A perspective from Oregon’s mid-Willamette Valley

What’s being developed here? Let’s see…

Written August 9th, 2020 by Hasso Hering

Looking west across the church-owned acreage at Hickory and North Albany Road on July 26. The Bonaventure senior housing complex is in the background.

For the past several weeks, earth-moving equipment has been busy near the corner of North Albany Road and Hickory Street, and passers-by wondered what was being developed on the vacant land.

A few of them asked me about it, and now I’ve finally gotten around to finding out. The answer, in short, is nothing yet.

The First Church of God, at Takena Street and 15th Avenue S.W., bought nearly 11 acres at the North Albany crossroads in the 1990s. The idea was eventually to build a church there, and that’s still a possibility in the long term.

But first a portion of the land had to be raised to get it out of the 100-year flood plain. (That’s the elevation in the valley that has a 1 percent chance of being flooded every year, based on history.) The church obtained city permits for floodplain development and grading and filling in 2018, and that’s the work that has now been done.

I caught up today with the Rev. David Shrout, the former pastor of the congregation who is overseeing the project. As a condition of the permits, he told me, the acreage has to be planted in grass to prevent erosion, and he’s trying to get that lined up.

When the planting is complete, the land may resemble a park. And until there’s development of some kind, Shrout told me the church intends to keep the site accessible to people in the neighborhood — for taking walks, for example, or exercising their dogs.

When I called Shrout Sunday night, I reached him at a campground at Fort Stevens near Astoria. A veteran bicycle tourist at age 68, he’s in the middle of a 17-day bike tour down the Washington and Oregon coasts from near the Canadian border to Brookings. (He posts daily updates on Facebook.)

As for the land at Hickory and North Albany Road, about 5 acres near the Bonaventure senior living complex is zoned for medium-density residential use, and the other half of the property, on the corner, is zoned mixed-use commercial, which also allows housing. On either of the two lots, building a church would require a conditional use permit.

The church has been paying property taxes on the land all these years. But as for development of all or part of it, there’s nothing immediate or definite in store. (hh)

And looking east, toward the buildings across North Albany Road.

6 responses to “What’s being developed here? Let’s see…”

  1. Max Hoefer says:

    HH, has anyone questioned the wisdom of filling in 100 year flood plain at such a narrow point in the river? Where will the river go in a big flood now that we have filled in overflow channels?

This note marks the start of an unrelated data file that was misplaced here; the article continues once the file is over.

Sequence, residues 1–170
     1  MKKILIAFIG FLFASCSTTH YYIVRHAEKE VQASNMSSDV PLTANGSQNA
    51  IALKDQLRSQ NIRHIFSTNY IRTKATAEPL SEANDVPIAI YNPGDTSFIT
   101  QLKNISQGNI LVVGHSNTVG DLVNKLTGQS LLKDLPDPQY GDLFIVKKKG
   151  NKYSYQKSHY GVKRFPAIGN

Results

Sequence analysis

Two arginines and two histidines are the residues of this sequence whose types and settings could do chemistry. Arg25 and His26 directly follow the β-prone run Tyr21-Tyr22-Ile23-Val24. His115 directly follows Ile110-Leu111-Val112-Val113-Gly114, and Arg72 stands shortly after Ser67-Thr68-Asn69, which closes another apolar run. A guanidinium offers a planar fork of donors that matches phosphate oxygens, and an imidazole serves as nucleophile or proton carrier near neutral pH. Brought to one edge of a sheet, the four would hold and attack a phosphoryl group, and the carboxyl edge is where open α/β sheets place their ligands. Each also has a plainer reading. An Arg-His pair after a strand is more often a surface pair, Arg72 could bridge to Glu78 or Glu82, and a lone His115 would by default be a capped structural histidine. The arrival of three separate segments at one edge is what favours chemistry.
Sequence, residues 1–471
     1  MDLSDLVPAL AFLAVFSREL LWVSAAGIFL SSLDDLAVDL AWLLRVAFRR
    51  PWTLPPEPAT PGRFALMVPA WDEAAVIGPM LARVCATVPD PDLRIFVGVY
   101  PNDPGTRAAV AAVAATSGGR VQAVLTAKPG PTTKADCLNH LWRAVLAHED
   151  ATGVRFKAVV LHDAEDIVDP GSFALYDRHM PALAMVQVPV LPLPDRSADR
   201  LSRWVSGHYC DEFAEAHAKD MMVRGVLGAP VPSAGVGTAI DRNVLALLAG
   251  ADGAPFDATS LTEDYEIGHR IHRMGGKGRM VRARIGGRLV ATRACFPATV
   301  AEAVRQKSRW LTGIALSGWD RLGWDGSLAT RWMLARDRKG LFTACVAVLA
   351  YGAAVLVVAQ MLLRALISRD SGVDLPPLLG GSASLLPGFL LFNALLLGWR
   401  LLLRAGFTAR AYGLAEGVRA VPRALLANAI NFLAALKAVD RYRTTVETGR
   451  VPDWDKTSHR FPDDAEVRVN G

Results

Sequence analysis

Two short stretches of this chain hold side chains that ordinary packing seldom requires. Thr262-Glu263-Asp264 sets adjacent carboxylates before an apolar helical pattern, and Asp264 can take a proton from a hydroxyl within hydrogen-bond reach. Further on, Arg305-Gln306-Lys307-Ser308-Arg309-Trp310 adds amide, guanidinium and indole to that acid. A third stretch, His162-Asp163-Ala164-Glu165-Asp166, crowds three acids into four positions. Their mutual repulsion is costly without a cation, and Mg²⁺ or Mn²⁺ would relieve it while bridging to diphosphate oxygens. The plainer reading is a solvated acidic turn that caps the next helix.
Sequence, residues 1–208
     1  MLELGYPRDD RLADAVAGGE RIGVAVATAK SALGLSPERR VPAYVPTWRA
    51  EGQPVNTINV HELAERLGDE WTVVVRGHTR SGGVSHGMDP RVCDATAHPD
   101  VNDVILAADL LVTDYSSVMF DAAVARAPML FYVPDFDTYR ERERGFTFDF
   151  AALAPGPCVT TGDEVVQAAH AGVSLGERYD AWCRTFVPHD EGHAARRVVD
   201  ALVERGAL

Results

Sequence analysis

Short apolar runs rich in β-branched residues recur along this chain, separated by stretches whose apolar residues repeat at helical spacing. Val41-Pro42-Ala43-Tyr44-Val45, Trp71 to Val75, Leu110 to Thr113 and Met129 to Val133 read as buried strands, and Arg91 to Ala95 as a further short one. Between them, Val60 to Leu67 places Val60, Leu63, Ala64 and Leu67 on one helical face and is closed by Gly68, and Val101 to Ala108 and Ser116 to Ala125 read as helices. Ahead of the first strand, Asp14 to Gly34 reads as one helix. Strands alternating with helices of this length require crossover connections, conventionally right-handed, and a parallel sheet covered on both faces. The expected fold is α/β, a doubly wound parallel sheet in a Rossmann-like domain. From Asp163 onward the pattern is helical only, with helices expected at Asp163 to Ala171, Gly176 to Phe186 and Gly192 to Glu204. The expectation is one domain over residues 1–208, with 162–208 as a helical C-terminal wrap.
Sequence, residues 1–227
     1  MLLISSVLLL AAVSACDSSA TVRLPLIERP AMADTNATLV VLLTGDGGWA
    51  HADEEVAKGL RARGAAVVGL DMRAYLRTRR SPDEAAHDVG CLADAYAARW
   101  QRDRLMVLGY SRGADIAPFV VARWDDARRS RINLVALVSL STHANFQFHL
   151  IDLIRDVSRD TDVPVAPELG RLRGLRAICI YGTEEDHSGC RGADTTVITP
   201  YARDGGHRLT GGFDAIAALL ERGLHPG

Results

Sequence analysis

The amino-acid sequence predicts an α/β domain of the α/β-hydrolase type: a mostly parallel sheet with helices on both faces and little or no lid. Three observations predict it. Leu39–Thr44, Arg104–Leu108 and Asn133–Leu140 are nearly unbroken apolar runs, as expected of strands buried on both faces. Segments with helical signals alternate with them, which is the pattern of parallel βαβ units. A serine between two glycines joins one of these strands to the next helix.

• Hasso Hering says:

      Good question. I’ll try to get an answer.

      • Al Nyman says:

        As somebody who owned a house west of Albany for 40 years, the 100 year flood plain is no longer valid. The house flooded in 1964 before I bought it but not in 1996. Dams have made a huge difference in the 100 year flood plain and if you get a mortgage on that house today the feds will force you to purchase flood insurance but the chances of it flooding are minute as the 1996 crest would have to have been 2 feet higher.

        • Dala Rouse says:

          The 1964 flood was 3.88 feet higher than 1996. There are 13 dams in the Willamette River basin. Of those the Cougar was built 1963-1964, Blue River in1969 and on the Santiam Foster and Green Peter were built in 1968. All the others were built before 1964. If you look at the river around Albany you can see gravel bars in several places. Hub City used to dredge the river but not anymore. The April flood in 2019 showed us something different because it was only major flood in the spring and it was 2.71 feet lower than 1996. This information came from FEMA.

  2. Patricia Eich says:

    Okay so the bike tour sounded interesting. I went to Rev. Shrout’s Facebook page for a look. I’ll have to go back. Thank you Hasso for always writing about something that gets my attention.

    • Scott Bruslind says:

      I with you @Patricia, the bike trip sounds very interesting.
      My son and I rode Astoria to Brookings in 2018 (8 days) with Mr. Bauer’s cross country kids (LHS) and it was spectacular. A little nerve wracking in the Siuslaw Forest (narrow shoulder.) After Florence, the road is wide and traffic diminishes. Everywhere, a reminder of the great state we live in and that a bike is the best way to see it. Not just me, sayin’, lots of foreign tourists voting with their pedals.


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